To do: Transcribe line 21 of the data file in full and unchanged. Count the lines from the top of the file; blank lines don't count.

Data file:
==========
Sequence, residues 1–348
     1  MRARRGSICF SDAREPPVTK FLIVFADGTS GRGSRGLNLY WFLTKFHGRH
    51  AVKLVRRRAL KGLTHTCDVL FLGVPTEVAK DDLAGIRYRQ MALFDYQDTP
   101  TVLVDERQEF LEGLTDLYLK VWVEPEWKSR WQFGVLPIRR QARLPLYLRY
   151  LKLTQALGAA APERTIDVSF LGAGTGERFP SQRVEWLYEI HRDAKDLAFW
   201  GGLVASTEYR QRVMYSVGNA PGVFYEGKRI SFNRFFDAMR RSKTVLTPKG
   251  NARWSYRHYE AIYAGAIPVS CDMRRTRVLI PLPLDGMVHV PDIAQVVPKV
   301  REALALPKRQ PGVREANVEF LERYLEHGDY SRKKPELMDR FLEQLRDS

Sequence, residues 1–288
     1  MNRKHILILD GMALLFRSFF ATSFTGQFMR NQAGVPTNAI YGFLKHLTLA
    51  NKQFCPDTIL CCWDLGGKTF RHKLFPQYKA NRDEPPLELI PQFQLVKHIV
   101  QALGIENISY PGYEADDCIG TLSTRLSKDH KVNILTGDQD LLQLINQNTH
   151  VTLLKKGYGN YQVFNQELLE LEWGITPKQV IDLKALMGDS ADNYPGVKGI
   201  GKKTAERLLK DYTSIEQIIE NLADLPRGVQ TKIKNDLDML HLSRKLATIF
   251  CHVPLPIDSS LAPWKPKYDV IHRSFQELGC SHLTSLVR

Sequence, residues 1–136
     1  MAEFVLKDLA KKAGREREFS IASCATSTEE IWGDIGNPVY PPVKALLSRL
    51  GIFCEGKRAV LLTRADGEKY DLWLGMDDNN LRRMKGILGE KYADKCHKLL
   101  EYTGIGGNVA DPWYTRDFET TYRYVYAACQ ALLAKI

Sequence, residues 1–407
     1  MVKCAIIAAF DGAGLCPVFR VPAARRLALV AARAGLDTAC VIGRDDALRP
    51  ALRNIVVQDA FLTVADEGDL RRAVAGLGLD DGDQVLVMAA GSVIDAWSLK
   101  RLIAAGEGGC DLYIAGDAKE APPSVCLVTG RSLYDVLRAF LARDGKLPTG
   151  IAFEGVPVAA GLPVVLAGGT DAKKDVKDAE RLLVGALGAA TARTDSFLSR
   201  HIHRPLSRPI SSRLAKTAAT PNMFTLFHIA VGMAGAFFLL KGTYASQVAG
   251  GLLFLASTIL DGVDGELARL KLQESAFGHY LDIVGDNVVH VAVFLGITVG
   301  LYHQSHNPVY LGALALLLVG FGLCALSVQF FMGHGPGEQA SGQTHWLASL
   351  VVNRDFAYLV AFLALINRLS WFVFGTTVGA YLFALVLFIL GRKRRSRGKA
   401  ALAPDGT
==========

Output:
     1  MVKCAIIAAF DGAGLCPVFR VPAARRLALV AARAGLDTAC VIGRDDALRP